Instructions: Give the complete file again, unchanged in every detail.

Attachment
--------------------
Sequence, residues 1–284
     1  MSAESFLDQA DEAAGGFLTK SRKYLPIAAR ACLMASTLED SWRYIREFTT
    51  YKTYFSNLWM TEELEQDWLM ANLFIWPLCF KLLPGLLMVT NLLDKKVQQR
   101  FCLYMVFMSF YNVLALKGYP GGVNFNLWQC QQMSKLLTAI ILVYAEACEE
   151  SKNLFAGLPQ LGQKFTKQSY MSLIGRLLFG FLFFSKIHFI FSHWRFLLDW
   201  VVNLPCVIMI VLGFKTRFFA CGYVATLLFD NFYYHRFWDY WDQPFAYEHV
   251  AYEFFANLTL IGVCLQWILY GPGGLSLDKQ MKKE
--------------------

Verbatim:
Sequence, residues 1–284
     1  MSAESFLDQA DEAAGGFLTK SRKYLPIAAR ACLMASTLED SWRYIREFTT
    51  YKTYFSNLWM TEELEQDWLM ANLFIWPLCF KLLPGLLMVT NLLDKKVQQR
   101  FCLYMVFMSF YNVLALKGYP GGVNFNLWQC QQMSKLLTAI ILVYAEACEE
   151  SKNLFAGLPQ LGQKFTKQSY MSLIGRLLFG FLFFSKIHFI FSHWRFLLDW
   201  VVNLPCVIMI VLGFKTRFFA CGYVATLLFD NFYYHRFWDY WDQPFAYEHV
   251  AYEFFANLTL IGVCLQWILY GPGGLSLDKQ MKKE